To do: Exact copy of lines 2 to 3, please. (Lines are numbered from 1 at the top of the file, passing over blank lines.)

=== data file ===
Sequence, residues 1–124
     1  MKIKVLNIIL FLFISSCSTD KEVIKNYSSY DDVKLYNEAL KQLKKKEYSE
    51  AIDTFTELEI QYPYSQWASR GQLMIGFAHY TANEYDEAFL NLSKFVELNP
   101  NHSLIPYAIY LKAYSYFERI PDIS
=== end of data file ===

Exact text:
     1  MKIKVLNIIL FLFISSCSTD KEVIKNYSSY DDVKLYNEAL KQLKKKEYSE
    51  AIDTFTELEI QYPYSQWASR GQLMIGFAHY TANEYDEAFL NLSKFVELNP